One of the fastest growing and most exciting new ideas in epilepsy research is ‘gene therapy’. It’s something that you’ll see mentioned time and time again on Epilepsy in English, but what does it mean?

The short definition is this: gene therapy is modifying the genetic makeup of a cell in a way that treats a disease. This can be by adding, deleting, or modifying existing genetic code.

In theory gene therapy could be targeted to a wide range of disease but, for the purposes of this blog, we will focus on epilepsy.

How does it work?

There are a few technical steps needed to achieve a successful gene therapy. First, we need some way to get our new genetic material into the brain cells that we want to treat. This is usually done with something called a viral vector. This is basically a harmless version of a disease-causing virus. What’s great about viruses is that we can package new genetic material inside them and then they are naturally very good at getting into cells and spreading this genetic information. What’s more, we can also include a genetic promoter – a tag which means that the new genetic code only appears in specific cell types of our choosing.

So, let’s think of this in terms of epilepsy. We know that it is a disease where brain cells are more active than normal. With gene therapy we can insert a piece of genetic code which is designed to make cells less active, and we can include a promoter which makes this specific to brain cells. There are loads of possible strategies to make cells less active and you can see an example in this blog post.

Why gene therapy? 

In general there is a big need for new approaches towards epilepsy treatment. The conventional wisdom is that in about one third of patients, their seizures are not well-controlled by existing anti-epileptic drugs.

A huge advantage of gene therapy is that, if successful, it should only require one treatment. This is because the changes to the genetic code are permanent so, in theory, the anti-seizure effects should last forever. In reality though, the brain is a very dynamic organ and it is impossible to guarantee that it won’t adapt in some way to the genetic changes.

Another big appeal of gene therapy is the ability to target specific types of cells in the brain. This means that treatments can be targeted only to those cells which are involved in generating seizures. On the other hand, anti-epileptic drugs typically change the activity of all electrical cells in the brain – even those which are still working normally. This can lead to unwanted side effects.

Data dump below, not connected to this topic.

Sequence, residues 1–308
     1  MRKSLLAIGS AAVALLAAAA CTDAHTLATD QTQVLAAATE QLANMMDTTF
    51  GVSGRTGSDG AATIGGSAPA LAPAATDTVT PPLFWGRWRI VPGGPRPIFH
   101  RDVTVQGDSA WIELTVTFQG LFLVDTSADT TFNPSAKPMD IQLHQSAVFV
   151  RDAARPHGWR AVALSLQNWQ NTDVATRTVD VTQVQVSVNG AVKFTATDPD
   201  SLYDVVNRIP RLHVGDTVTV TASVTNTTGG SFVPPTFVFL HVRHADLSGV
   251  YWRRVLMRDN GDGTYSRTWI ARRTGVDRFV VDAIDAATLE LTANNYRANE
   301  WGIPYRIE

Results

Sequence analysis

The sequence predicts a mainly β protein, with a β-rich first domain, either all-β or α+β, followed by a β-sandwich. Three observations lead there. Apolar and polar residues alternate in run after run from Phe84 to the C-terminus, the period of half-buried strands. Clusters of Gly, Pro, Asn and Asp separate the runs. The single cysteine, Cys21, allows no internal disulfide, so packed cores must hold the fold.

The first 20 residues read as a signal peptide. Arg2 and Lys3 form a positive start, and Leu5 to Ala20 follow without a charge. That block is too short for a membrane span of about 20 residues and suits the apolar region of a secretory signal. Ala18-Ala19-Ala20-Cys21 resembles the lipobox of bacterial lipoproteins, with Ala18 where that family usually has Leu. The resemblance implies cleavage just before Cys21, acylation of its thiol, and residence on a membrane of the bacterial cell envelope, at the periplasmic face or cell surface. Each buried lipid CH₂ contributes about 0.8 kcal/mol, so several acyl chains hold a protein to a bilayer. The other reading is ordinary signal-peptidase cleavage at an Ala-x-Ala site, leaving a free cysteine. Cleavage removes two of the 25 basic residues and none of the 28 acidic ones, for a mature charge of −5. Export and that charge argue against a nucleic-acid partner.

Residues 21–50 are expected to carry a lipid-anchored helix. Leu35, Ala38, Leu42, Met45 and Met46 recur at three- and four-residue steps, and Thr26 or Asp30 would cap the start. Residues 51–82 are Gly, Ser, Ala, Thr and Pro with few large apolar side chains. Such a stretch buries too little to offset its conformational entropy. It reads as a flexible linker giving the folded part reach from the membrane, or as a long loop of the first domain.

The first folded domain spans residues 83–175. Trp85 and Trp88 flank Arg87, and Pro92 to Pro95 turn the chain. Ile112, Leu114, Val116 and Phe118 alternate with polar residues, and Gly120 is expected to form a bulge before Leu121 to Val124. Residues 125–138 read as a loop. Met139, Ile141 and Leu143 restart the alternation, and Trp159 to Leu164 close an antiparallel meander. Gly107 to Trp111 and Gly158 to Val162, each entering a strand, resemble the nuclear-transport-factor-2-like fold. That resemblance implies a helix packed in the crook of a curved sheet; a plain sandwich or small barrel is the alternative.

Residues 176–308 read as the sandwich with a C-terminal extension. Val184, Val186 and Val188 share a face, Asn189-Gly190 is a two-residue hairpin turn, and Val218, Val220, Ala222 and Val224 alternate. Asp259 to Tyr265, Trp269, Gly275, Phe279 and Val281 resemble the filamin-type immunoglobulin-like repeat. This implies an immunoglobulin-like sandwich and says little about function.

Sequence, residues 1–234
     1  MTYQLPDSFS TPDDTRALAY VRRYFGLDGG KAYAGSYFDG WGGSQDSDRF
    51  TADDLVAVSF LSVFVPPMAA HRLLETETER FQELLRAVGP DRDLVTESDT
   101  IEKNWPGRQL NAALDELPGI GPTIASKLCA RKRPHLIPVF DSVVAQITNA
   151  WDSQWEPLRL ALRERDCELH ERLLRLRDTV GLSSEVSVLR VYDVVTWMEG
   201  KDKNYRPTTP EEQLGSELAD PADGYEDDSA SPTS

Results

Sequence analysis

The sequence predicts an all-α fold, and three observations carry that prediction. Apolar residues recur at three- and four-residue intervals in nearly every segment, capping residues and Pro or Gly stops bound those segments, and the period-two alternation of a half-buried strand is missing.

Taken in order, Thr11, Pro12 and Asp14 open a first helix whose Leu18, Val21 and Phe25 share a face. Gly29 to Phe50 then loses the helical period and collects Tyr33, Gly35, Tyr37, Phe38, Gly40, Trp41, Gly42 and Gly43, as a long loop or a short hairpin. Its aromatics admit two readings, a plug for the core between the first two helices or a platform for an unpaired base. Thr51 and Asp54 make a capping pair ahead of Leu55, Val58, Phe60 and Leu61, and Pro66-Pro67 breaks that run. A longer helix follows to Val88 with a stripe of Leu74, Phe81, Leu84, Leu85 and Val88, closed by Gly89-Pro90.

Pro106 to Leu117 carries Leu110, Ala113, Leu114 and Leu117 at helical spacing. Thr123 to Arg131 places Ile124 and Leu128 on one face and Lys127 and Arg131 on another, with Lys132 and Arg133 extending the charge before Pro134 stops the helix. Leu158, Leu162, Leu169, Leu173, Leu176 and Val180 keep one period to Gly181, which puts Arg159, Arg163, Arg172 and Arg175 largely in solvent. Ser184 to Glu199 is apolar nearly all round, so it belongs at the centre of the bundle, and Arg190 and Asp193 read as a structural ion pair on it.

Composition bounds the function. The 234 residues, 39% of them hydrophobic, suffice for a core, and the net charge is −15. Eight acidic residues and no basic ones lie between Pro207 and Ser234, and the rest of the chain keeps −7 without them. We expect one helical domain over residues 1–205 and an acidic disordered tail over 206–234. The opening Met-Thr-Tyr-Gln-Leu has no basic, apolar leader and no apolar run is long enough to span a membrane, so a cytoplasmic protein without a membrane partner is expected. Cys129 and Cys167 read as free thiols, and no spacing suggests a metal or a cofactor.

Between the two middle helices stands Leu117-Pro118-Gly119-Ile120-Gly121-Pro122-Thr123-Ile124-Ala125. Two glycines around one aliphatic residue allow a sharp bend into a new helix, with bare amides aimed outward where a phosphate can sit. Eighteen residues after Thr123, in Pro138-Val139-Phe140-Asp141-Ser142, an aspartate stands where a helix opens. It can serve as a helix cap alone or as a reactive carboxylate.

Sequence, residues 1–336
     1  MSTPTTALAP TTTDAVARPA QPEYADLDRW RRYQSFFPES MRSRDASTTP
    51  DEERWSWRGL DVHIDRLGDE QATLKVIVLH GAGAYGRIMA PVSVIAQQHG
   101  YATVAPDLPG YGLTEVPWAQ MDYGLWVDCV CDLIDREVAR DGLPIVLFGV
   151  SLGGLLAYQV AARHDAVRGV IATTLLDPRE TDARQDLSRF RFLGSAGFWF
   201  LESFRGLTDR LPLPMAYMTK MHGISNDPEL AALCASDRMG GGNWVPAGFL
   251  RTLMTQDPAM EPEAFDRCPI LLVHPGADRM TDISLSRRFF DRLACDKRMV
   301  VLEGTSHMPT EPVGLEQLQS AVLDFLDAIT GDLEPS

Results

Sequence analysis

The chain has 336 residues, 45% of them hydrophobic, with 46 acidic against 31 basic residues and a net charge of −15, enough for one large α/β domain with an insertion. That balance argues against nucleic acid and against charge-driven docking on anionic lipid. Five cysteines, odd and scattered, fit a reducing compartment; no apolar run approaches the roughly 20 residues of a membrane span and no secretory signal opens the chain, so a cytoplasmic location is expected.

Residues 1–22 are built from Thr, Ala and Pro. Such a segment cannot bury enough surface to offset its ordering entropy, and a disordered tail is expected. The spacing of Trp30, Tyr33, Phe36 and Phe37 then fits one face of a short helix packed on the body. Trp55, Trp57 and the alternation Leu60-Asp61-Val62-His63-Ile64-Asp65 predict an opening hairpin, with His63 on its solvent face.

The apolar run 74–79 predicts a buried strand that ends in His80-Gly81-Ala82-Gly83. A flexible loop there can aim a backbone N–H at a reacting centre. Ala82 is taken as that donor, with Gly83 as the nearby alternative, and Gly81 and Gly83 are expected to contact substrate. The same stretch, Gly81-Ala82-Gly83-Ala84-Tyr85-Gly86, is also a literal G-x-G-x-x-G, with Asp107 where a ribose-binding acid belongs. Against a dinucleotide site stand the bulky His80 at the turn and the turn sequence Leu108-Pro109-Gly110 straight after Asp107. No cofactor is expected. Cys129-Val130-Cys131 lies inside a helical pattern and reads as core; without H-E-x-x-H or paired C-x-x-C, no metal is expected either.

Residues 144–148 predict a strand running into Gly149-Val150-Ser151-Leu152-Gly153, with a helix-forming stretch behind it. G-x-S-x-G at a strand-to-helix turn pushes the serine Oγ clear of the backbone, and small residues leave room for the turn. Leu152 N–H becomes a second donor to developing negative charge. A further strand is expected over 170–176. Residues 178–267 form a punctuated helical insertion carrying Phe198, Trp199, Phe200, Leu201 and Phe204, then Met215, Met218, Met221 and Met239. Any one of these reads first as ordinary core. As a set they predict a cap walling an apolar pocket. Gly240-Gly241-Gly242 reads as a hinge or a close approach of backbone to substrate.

Current limitations of gene therapy

A big drawback of gene therapy is that, at least at the moment, it needs to be injected directly into the brain. Admittedly this does sound like a scary prospect but surgery is already a treatment option for epilepsy. In fact, the surgery for gene therapy would probably be less invasive than current surgical treatments where small pieces of tissue have to be removed completely. Further, scientists are working on better ways to deliver the treatment. For example, in the future it might be possible to give gene therapies using a normal injection.

A second limitation of gene therapy is that it is currently only possible to treat a small region of brain cells, close to the injection of the treatment. This is ideal for epilepsies where the seizures always start in the same part of the brain – you can simply inject the gene therapy into that area and it should stop any seizures from beginning. The problem is that in some cases, seizures can start from different places. At the moment it would be very difficult to apply a therapy to the entire brain, but again this may become possible as the field develops.

Finally, gene therapies for epilepsy have only been tested in rodents so far. The results of these studies are promising but there are still steps to overcome before they make it to the clinic. In 2018, Stephanie Schorge and Dimitri Kullmann (University College London) received funding to begin clinical trials for one of the most promising gene therapies in epilepsy. Patients who are scheduled for epilepsy surgery at the neighbouring National Hospital for Neurology and Neurosurgery will be able to opt in to receive a gene therapy treatment prior to their surgery. This provides the fail-safe that the treated tissue can still be removed, as previously planned, in the unlikely event of unwanted side effects. Taking a more optimistic view, the hope is that the successful gene therapy treatment will mean that the trial patients no longer need the surgery at all.

Indeed, Prof Schorge told us: ‘The planned first-in-human trial feels like an enormous step for us. For years I’ve been telling funders, friends and family that it will be 5-10 years before our work could help any people with epilepsy. When I met with school children recently – I realised I had to change my slide, because it is possible our gene therapy could help patients by the end of this year’

Should gene treatment prove to be successful in initial patient trials, we could well be seeing epilepsy gene therapies in the clinic sooner rather than later.


  • Gene therapy is modifying the genetic code of cells to change them in a way that treats disease
  • New genetic code can be put into cells using viruses that have been made harmless
  • If it works, gene therapy can be a one-off permanent treatment with few side effects
  • Clinical trials are beginning for the most promising gene therapies in epilepsy